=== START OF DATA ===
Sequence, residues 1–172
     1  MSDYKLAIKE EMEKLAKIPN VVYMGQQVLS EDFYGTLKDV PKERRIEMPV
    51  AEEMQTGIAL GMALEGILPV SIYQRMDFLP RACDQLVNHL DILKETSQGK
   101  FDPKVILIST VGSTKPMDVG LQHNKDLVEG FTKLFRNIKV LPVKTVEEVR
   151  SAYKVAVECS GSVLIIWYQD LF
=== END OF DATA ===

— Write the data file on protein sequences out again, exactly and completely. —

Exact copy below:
Sequence, residues 1–172
     1  MSDYKLAIKE EMEKLAKIPN VVYMGQQVLS EDFYGTLKDV PKERRIEMPV
    51  AEEMQTGIAL GMALEGILPV SIYQRMDFLP RACDQLVNHL DILKETSQGK
   101  FDPKVILIST VGSTKPMDVG LQHNKDLVEG FTKLFRNIKV LPVKTVEEVR
   151  SAYKVAVECS GSVLIIWYQD LF